In light of the above, we call on Third States, including the United States and Israel, to refrain from impeding or discrediting the investigation conducted by the ICC’s Prosecutor in the situation of Palestine, as well as the investigation of the above-mentioned Commission of Inquiry. We further urge Third States to support these investigations and to apply their universal jurisdiction, when possible, pursuant to Article 146 of the Fourth Geneva Convention.
 The White House, “The Jerusalem U.S.-Israel Partnership Joint Declaration”, 14 July 2022, available at https://www.whitehouse.gov/briefing-room/statements-releases/2022/07/14/the-jerusalem-u-s-israel-strategic-partnership-joint-declaration/.
 Al-Haq, “Al-Haq Condemns United States’ Executive Order Targeting Members of the International Court’s Staff”, 13 June 2020, available at https://www.alhaq.org/advocacy/16979.html#_ftn3, referring to Haaretz, “Pompeo Threatens to Target 'Corrupt' ICC Over Israel, U.S. War Crime Probes”, 2 June 2020, available at . https://www.haaretz.com/us-news/2020-06-02/ty-article/.premium/pompeo-u-s-to-target-corrupt-world-court-over-israel-u-s-war-crimes-probe/0000017f-db48-df9c-a17f-ff58e0040000.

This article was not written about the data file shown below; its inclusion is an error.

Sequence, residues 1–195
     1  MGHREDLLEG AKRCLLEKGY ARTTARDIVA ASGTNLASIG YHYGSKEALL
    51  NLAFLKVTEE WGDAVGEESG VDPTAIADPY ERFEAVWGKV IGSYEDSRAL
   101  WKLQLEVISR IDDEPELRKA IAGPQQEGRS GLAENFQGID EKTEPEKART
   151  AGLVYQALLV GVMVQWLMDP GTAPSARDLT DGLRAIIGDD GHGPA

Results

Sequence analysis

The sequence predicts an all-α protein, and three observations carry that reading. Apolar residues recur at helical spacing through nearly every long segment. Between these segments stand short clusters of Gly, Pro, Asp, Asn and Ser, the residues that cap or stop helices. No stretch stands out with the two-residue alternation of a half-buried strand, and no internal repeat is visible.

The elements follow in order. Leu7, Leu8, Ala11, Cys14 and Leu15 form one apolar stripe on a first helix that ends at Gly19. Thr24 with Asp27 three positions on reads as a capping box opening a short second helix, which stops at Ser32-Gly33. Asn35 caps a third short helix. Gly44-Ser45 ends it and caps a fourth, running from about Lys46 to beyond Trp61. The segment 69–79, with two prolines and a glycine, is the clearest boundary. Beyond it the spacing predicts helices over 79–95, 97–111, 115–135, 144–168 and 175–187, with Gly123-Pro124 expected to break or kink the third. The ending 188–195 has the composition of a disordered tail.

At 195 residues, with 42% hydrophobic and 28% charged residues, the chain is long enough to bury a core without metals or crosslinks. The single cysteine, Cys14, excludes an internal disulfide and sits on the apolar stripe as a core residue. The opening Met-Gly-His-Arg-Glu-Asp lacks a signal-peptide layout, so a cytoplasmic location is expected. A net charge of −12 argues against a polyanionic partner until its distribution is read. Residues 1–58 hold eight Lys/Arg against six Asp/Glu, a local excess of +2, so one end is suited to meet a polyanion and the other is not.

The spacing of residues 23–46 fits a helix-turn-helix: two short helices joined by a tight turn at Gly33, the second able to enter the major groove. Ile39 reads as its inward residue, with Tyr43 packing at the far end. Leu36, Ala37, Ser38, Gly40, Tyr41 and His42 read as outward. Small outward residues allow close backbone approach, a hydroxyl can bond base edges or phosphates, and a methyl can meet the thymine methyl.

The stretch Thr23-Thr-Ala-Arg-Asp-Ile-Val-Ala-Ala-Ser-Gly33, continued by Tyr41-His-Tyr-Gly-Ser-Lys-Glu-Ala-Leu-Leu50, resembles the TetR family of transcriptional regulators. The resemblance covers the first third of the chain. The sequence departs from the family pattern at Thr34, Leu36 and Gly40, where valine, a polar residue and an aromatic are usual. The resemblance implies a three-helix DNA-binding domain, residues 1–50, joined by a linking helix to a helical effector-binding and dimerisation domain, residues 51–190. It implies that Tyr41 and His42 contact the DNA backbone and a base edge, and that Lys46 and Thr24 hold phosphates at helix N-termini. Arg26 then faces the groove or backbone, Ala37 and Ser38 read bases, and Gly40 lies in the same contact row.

United Nations Charter, Article 2(4).
 Protocol Additional to the Geneva Conventions of 12 August 1949, and relating to the Protection of Victims of International Armed Conflicts (Protocol I), 8 June 1977, Preamble.
 ICJ, “Armed Activities in Congo (Democratic Republic of Congo vs. Uganda)”, Judgement, 19 December 2005, paras 279 and 287.
 UNGA Res 3314 (XXIX) (14 December 1974).
 V. Koutroulis, “The application of international humanitarian law and international human rights law in situations of prolonged occupation: only a matter of time?”, in International Review of the Red Cross, Volume 94 Number 885 Spring 2012, p. 168, referring to South Africa: ICJ, Wall advisory proceedings, Written Statement Submitted by the Government of the Republic of South Africa, 30 January 2004, p. 15, para. 37; Antonio Cassese, “Self-determination of Peoples: A Legal Reappraisal”, Cambridge University Press, Cambridge, 1995, p. 99.